Belyi Y, Tartakovskaya D, Tais A, Fitzke E, Tzivelekidis T, Jank T, Rospert S, Aktories K
J Biol Chem. 2012 Jul 27;287(31):26029–37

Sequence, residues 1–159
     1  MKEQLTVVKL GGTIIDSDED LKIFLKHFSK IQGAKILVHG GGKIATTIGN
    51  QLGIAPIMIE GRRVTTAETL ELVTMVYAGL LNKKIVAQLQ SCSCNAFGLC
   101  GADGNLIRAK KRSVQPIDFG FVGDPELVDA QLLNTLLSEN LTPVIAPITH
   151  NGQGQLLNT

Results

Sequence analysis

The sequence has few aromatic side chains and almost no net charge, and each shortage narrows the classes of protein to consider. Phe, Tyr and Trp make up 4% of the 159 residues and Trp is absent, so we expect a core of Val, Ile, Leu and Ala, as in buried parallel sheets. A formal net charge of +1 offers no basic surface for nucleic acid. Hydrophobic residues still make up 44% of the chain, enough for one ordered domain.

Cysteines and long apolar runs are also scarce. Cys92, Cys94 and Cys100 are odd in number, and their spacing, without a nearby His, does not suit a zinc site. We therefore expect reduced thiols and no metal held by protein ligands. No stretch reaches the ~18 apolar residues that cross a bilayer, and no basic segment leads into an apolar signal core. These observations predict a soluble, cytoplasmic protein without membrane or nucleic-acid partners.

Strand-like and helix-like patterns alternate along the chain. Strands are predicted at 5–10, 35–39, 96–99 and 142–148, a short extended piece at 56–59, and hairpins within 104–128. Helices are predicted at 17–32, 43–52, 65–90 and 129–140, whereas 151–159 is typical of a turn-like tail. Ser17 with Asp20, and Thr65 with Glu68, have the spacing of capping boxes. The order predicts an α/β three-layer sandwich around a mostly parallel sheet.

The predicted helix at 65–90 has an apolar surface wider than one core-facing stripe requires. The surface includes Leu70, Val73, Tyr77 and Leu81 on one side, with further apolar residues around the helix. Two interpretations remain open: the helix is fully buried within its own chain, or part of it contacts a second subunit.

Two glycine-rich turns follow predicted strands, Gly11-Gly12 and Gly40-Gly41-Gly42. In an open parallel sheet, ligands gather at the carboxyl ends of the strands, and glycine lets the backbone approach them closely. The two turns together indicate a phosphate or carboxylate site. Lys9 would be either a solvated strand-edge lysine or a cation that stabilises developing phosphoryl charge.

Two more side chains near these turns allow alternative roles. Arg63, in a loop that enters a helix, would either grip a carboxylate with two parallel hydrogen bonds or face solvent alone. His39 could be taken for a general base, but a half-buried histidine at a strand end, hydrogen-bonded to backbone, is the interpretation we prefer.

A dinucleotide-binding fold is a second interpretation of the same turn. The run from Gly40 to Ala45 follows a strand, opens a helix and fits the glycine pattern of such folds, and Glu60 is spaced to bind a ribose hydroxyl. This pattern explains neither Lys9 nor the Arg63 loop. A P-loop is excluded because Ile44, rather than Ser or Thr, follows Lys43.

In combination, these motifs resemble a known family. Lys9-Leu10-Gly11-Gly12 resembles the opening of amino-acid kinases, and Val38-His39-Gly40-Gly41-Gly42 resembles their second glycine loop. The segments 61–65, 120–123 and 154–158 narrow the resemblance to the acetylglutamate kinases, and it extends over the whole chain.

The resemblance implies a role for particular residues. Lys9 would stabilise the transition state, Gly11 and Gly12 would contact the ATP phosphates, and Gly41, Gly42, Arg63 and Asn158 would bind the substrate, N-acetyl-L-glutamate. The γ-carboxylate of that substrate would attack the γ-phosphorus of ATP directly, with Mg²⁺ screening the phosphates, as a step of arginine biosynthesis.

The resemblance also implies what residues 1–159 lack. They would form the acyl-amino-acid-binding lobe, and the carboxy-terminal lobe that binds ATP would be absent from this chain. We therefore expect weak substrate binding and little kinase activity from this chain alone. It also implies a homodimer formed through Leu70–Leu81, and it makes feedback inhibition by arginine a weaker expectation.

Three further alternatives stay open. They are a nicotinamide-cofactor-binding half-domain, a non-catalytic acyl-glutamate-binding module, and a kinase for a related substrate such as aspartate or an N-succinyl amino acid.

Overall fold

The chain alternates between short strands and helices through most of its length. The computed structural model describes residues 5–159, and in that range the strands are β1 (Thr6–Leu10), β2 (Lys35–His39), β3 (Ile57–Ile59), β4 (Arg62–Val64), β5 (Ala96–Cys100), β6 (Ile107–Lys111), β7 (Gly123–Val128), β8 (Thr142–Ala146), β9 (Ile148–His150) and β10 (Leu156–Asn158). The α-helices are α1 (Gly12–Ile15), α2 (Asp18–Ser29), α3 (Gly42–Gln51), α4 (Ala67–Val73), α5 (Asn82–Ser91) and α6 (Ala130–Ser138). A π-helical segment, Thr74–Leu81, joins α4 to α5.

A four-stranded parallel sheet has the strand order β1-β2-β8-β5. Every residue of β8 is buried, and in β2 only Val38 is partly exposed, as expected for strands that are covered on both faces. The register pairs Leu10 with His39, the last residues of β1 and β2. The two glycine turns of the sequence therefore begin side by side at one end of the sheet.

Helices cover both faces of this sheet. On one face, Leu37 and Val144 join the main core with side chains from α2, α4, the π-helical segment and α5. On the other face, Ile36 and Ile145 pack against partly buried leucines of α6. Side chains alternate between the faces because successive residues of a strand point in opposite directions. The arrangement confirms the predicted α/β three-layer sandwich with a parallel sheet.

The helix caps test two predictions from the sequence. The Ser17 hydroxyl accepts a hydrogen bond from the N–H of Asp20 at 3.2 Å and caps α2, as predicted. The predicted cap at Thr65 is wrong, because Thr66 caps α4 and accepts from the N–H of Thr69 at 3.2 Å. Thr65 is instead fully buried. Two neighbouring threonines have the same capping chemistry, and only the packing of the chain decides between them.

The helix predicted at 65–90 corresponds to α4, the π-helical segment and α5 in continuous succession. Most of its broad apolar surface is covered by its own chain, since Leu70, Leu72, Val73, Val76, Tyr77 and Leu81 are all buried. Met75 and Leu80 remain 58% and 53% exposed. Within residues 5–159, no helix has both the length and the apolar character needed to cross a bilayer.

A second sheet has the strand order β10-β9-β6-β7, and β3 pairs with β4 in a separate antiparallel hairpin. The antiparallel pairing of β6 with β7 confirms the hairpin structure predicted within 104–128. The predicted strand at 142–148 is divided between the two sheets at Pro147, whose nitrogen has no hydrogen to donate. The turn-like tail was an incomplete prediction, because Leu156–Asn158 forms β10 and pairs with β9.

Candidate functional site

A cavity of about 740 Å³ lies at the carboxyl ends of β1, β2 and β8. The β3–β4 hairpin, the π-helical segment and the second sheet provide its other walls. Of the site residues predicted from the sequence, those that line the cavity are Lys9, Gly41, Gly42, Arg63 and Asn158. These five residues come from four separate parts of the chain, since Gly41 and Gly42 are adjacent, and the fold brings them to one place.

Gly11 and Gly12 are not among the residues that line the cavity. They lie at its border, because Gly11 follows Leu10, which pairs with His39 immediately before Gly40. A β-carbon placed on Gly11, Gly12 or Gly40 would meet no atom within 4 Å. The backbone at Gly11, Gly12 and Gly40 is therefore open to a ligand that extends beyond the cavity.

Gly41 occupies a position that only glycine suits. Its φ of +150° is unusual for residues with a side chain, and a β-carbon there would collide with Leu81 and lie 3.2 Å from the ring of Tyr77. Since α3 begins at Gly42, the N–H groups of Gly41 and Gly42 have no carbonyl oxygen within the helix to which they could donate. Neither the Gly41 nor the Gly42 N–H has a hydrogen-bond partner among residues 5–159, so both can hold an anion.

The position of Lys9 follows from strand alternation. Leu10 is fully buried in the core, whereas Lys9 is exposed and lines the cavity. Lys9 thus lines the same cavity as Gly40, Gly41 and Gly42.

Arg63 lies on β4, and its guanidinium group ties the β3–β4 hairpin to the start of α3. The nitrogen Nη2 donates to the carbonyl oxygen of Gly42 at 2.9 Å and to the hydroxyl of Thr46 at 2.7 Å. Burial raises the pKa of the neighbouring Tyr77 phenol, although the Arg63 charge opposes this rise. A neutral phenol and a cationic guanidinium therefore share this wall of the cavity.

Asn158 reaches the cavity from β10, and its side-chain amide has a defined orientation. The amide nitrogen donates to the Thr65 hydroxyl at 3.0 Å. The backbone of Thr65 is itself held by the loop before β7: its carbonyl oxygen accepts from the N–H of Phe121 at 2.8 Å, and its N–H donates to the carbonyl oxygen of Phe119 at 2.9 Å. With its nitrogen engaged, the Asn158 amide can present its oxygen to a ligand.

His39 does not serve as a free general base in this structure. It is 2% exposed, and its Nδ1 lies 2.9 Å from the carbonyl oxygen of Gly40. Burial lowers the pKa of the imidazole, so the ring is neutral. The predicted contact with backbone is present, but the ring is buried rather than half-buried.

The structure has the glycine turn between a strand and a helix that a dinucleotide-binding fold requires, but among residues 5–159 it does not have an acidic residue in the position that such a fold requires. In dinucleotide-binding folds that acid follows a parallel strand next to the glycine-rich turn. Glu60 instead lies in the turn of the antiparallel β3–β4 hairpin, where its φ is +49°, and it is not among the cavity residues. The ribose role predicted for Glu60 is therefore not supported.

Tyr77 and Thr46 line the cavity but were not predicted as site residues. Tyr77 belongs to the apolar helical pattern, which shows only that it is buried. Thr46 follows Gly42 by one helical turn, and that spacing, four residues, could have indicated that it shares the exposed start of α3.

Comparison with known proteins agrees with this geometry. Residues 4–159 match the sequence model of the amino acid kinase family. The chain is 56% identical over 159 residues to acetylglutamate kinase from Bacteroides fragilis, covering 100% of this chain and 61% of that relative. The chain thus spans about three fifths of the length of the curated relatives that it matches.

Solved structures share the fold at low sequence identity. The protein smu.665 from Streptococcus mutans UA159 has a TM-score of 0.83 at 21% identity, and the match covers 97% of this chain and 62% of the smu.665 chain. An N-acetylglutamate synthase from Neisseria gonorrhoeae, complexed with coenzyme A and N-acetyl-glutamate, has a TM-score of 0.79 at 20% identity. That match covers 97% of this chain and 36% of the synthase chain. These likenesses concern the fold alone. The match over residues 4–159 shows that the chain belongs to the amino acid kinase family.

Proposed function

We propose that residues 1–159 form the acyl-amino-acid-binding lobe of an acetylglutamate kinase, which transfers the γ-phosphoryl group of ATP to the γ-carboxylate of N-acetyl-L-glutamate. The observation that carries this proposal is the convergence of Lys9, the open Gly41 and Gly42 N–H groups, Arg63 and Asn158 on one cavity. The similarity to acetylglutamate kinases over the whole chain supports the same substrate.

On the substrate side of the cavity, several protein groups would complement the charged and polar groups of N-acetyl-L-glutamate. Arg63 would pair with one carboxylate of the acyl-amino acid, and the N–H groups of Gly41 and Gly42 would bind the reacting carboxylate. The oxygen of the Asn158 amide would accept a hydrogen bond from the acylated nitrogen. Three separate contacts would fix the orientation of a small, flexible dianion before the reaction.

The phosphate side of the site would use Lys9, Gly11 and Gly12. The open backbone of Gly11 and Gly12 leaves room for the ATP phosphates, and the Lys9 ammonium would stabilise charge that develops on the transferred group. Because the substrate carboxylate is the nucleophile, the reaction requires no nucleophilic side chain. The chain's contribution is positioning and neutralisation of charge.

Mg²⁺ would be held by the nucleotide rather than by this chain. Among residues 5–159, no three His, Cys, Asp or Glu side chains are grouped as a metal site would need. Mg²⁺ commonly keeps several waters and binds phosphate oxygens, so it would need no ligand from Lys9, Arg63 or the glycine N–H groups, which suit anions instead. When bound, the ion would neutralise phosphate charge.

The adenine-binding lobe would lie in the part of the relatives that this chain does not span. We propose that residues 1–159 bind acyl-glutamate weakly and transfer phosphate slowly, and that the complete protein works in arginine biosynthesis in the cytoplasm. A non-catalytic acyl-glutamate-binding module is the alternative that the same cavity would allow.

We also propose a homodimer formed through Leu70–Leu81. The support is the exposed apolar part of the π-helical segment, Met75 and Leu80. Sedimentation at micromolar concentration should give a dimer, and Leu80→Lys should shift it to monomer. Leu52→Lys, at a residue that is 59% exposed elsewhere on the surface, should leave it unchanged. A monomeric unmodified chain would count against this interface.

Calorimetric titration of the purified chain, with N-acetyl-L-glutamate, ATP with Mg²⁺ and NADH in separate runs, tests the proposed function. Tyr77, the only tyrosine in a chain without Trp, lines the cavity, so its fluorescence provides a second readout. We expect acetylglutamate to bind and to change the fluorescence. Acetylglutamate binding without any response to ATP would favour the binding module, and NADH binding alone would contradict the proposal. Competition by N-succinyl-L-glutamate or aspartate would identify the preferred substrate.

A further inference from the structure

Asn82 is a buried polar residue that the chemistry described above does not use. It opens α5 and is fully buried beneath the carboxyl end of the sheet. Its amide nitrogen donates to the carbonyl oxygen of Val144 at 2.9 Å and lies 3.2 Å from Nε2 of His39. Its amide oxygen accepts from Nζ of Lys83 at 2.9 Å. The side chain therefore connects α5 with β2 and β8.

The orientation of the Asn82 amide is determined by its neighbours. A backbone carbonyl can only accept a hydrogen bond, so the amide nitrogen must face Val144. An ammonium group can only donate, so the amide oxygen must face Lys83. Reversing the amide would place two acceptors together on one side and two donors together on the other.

Legionella is a pathogenic Gram-negative bacterium that can multiply inside of eukaryotic cells. It translocates numerous bacterial effector proteins into target cells to transform host phagocytes into a niche for replication. One effector of Legionella pneumophila is the glucosyltransferase Lgt1, which modifies serine 53 in mammalian elongation factor 1A (eEF1A), resulting in inhibition of protein synthesis and cell death. Here, we demonstrate that similar to mammalian cells, Lgt1 was severely toxic when produced in yeast and effectively inhibited in vitro protein synthesis. Saccharomyces cerevisiae strains, which were deleted of endogenous eEF1A but harbored a mutant eEF1A not glucosylated by Lgt1, were resistant toward the bacterial effector. In contrast, deletion of Hbs1, which is also an in vitro substrate of the glucosyltransferase, did not influence the toxic effects of Lgt1. Serial mutagenesis in yeast showed that Phe(54), Tyr(56) and Trp(58), located immediately downstream of serine 53 of eEF1A, are essential for the function of the elongation factor. Replacement of serine 53 by glutamic acid, mimicking phosphorylation, produced a non-functional eEF1A, which failed to support growth of S. cerevisiae. Our data indicate that Lgt1-induced lethal effect in yeast depends solely on eEF1A. The region of eEF1A encompassing serine 53 plays a critical role in functioning of the elongation factor.